Another question you might ask yourself is, “What kind of balance do I desire in my Best Day?” There are many things that you might do in the course of your typical day or your typical week—for instance, taking a walk, going to work, taking care of your home, spending time with your family, spending time with your friends, spending time with yourself, contributing to the lives of others, leisure and fun time, personal growth time, exercise time, meal time, quiet time. What kind of balance of these various activities do you desire in your Best Day? Of course you may not be able to do everything on that one particular day. But does the relative proportion of time you spend on your various thoughts and words and actions truly reflect your own priorities? Again, this question of priorities and balance is an individual and personal question. It is not a matter of what you “should” do, but rather of what you truly desire to do—what you desire to do from the deepest and truest part of your own heart. How will you choose to use and allot the time of your life today? Remember that “using” time does not necessarily mean being productive every minute—leisure, fun, and recreation can also be joyful expressions of your truth. But you may want to avoid merely wasting time. In the context of your life, killing time could be seen as a form of suicide (or as one of my friends expressed it, suicide on the installment plan). On your Best Day, you may want to ask yourself, “How can I deliberately and mindfully live each moment?”—including the “trivial” as well as the “important” moments, the “non-productive” as well as the “productive” ones.
How and when to practice your Best Day
Remember throughout this exercise that this is your Best Day. You don’t have to do anything “special” on this day—simply live your best possible everyday day. No one else can tell you exactly what you will discover during your Best Day. This is your own unique creative journey into your own unique truth. How you pursue your various activities, how you choose to respond to the internal and external conditions you encounter, how you choose to creatively express yourself, how you choose to balance the time in your day—all of these are personal choices you make from your own heart. If you’re not sure of what to do in a particular situation, then make your best choice and see how it works. If it turns out to be a mistake, then learn and grow from the experience and make a better choice next time. At first, I recommend that you do this exercise for just one day in your week. As you make this focused effort for one day of each week, you will probably find that you become more mindful on the other days as well. Focus your full attention on every minute of your Best Day. At the close of the day, be peaceful with the effort you have made. Ask yourself, “How do I want to end my Best Day?” You may want to spend a few minutes making some notes to yourself—not with the intention of shame or blame, but simply as an honest reflection of how the day went, which things you want to appreciate and celebrate, and which things you might choose to do differently next time. As you drift off to sleep, you may choose to be peaceful or prayerful or to express your gratitude. Whatever you choose, pay as much attention to the ending of your day as you did to the beginning and the middle of it.
At first, this exercise may seem to take a tremendous amount of effort. You may find yourself almost frantically repeating your mantra, “Best Day, Best Day, Best Day . . .” in the midst of the whirlwind of thoughts and feelings and sensations that threatens to sweep away your mindfulness and your resolve. Indeed, there will probably be stretches of time throughout the day when you completely forget your commitment to do this exercise. But each time when you discover that you have been on automatic pilot, ask yourself, “How do I want to respond now?” Lapses of awareness in your day do not invalidate this exercise—in fact, for most of us, the lapses are probably inevitable, especially at first. Whether it is due to our cultural programming or is simply typical of the human mind in general, we seem to have a tendency to slip into a sleepwalking kind of existence. The Best Day exercise can be very useful in helping you to wake up in order to discover and express your own truth. In that sense, the Best Day exercise is an active, living meditation. You don’t succeed or fail at this Best Day exercise—you simply do your best. Every time you try this exercise for a day, you are a little more awake and aware.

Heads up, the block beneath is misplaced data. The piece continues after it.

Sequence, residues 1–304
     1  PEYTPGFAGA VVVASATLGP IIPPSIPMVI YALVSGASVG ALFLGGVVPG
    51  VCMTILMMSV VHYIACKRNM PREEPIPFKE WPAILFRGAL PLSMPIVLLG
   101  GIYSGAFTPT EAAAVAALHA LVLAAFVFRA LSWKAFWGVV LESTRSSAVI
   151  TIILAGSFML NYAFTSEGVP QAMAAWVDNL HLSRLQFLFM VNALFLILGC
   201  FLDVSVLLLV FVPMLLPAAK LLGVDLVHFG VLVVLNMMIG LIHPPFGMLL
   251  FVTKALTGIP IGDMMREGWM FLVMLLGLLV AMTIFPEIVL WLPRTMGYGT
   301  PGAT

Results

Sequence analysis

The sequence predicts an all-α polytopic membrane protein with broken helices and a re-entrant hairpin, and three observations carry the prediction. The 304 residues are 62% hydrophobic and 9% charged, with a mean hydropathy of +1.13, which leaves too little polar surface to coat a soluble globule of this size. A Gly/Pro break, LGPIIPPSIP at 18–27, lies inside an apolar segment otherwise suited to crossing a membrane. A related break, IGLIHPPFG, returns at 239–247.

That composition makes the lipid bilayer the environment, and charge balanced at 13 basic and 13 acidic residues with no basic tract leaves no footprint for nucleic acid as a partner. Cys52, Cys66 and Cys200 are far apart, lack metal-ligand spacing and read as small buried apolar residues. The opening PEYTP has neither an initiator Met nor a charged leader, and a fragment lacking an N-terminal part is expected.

Just go for it!
The tremendous effort that seems to be involved in this exercise, especially the first few times you do it, is the effort to wake up, the effort to undo your own habits and routines. As the habits and routines lose their hold on you and the mental chatter becomes quieter and less compelling, you realize that your Best Day is simply a matter of being and doing every minute what you truly desire to be and do. The only real effort involved is the effort of joyful self-expression. In time, this will probably involve much less effort than the alternative of living out of sync with yourself. It actually takes an enormous amount of energy to sustain a sleepwalking and inauthentic life. But we are usually unaware of this energy because we are lost in our routines. Those who undertake the journey to move beyond a routine life of inauthenticity report that they enjoy more and more energy as they proceed. They now have all of the energy that was previously bound up in the distracted “doing” of those routines that did not truly serve them. Moreover, they no longer have the constant drain of energy that occurs when they live at odds with their own hearts. They report that the journey to mindfulness and heartfulness becomes easier, more natural, and more joyful with every step.